But what of art? Isn’t writing sometimes about building up tension or communicating beauty? In such writing, merciless economy is less of a goal. We no longer look upon a ‘stream’ but a ‘silver serpent, slithering across the sun-gilded valley floor.’ If you wrote office emails like that then people would think you were odd, but it’s great for children’s stories.

So what is it? What type of writing is NAPLAN trying to assess? Well, students could be asked to write a narrative based around some kind of prompt such as ‘The Box’ or they could be asked to write persuasively about some mind-numbingly banal topic such as ‘Books or TV’. Informational writing is not assessed at all, presumably because we cannot assume students know anything. How is the issue of writing style resolved? Well, according to Perelman, NAPLAN rewards students for using challenging words – whether they are the best words to use in a given context or not – it rewards them for using lots of adjectives to modify nouns and it rewards them for using connectives such as, ‘moreover’ and ‘on the other hand.’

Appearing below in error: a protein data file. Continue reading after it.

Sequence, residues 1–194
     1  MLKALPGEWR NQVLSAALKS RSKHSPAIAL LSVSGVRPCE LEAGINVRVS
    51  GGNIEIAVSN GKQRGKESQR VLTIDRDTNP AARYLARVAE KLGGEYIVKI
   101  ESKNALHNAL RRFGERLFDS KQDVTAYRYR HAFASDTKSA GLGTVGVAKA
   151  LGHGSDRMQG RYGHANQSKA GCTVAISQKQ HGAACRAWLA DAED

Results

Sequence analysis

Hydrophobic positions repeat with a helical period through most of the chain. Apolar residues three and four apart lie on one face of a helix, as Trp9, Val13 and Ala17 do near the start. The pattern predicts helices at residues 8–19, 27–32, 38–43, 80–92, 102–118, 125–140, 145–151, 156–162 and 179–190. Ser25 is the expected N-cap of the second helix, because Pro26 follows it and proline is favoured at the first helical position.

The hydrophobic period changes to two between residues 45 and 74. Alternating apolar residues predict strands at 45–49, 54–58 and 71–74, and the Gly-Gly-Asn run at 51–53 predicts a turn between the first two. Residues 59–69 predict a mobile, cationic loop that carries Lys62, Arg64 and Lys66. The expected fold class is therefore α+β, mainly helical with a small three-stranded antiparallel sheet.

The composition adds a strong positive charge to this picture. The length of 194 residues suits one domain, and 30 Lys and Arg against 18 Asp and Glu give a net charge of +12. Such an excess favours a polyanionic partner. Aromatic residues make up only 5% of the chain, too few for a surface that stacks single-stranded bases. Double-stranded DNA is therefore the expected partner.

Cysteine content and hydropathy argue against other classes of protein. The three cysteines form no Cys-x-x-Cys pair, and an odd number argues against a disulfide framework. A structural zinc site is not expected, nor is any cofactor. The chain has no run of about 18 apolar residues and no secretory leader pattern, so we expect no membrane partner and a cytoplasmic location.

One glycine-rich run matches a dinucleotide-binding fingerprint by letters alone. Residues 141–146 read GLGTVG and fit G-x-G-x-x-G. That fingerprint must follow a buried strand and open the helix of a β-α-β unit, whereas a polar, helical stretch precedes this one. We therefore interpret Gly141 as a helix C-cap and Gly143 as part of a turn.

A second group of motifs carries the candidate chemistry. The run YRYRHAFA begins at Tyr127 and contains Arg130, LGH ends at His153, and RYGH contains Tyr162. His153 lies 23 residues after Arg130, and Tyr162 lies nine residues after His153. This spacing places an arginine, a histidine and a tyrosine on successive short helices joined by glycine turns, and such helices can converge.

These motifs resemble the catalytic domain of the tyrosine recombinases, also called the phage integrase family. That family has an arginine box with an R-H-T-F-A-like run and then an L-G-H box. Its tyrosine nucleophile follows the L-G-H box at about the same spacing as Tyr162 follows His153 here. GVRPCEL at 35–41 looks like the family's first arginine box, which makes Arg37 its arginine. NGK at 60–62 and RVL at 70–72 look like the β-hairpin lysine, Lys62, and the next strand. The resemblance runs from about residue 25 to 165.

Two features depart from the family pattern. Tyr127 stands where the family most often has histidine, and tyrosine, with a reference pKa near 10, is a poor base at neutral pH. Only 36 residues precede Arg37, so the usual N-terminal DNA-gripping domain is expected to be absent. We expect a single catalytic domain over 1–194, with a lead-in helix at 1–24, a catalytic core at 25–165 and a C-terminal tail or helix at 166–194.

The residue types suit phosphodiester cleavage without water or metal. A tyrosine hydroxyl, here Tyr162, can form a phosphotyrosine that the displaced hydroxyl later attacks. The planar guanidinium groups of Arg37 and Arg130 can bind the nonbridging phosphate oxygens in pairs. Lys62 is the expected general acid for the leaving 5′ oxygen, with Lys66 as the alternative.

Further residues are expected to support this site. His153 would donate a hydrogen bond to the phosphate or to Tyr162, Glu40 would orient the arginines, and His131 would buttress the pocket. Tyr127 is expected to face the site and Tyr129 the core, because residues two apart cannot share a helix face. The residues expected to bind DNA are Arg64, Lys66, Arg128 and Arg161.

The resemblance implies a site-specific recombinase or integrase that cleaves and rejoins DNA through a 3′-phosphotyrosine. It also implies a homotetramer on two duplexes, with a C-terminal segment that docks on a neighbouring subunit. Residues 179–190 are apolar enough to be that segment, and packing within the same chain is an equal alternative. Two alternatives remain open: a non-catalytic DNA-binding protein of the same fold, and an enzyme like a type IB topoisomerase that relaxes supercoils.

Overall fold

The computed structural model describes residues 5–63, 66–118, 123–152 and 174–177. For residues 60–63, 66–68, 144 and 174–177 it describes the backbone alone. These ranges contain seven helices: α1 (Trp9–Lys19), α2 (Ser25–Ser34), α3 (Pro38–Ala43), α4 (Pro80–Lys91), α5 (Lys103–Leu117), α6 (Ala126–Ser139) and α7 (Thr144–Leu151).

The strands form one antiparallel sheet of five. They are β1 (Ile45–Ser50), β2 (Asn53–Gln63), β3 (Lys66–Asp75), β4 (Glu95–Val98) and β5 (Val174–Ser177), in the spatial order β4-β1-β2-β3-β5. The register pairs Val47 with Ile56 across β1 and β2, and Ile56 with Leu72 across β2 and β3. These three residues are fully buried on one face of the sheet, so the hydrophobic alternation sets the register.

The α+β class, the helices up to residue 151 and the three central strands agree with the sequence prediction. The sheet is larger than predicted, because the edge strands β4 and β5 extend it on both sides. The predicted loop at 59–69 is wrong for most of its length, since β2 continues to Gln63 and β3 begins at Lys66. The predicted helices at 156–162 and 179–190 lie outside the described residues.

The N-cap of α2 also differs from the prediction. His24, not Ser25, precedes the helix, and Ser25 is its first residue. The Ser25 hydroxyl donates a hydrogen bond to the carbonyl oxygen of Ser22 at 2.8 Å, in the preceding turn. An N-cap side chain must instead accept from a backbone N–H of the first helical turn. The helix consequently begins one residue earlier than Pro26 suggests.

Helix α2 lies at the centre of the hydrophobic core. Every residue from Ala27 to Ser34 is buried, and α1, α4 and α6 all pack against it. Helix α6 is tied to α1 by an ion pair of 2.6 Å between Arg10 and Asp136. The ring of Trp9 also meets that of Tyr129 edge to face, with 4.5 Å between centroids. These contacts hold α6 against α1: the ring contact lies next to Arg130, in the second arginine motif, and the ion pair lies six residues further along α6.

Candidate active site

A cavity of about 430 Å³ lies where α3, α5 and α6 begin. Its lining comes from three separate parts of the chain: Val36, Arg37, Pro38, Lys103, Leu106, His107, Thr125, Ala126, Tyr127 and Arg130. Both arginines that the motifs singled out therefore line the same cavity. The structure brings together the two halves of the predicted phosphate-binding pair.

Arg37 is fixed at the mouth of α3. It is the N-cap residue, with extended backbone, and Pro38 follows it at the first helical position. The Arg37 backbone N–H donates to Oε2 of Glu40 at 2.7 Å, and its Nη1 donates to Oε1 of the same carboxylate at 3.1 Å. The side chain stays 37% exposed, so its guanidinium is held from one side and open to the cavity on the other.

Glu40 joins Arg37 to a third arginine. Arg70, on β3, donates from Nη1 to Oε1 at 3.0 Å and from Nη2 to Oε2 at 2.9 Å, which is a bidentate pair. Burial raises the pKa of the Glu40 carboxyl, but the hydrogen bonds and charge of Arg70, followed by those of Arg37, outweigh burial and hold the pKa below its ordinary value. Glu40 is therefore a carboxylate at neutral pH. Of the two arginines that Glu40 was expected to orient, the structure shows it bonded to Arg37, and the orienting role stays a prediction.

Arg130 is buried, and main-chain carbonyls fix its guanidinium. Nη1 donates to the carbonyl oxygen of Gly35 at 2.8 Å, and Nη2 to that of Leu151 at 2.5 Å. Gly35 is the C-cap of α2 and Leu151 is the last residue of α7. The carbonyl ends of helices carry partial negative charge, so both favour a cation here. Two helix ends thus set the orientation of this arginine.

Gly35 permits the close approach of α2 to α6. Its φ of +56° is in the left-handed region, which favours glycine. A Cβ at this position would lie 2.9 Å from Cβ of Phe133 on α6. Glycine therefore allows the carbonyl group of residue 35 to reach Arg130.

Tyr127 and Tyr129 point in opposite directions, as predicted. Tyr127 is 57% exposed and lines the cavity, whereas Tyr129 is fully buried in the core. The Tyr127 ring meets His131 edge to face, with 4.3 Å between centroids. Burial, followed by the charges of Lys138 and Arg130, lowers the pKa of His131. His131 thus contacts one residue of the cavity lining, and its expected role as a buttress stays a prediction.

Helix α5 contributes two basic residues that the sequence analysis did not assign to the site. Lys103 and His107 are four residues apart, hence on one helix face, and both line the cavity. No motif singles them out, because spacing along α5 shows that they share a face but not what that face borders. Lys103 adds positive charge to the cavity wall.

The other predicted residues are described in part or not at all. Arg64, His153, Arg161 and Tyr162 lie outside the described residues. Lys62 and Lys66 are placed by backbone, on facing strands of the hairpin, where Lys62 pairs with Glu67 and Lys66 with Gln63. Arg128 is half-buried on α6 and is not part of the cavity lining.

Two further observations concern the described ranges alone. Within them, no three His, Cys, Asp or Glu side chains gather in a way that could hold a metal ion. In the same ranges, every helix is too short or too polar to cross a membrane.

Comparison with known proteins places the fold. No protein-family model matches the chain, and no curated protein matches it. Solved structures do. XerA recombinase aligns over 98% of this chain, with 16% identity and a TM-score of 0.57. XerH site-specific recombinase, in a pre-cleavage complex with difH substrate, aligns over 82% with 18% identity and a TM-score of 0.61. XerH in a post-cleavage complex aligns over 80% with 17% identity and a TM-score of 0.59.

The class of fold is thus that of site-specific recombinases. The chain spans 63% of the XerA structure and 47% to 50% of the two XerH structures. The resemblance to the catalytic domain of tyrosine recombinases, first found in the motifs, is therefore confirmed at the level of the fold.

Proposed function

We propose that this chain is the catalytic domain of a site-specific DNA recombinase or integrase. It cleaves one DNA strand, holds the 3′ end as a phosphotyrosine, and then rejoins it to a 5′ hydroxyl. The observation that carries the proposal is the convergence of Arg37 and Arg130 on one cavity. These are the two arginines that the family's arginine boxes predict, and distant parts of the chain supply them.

These may once have served as useful proxies for expert performance, but now we all know what they are, they won’t any longer. This is a classic example of how rubrics fail.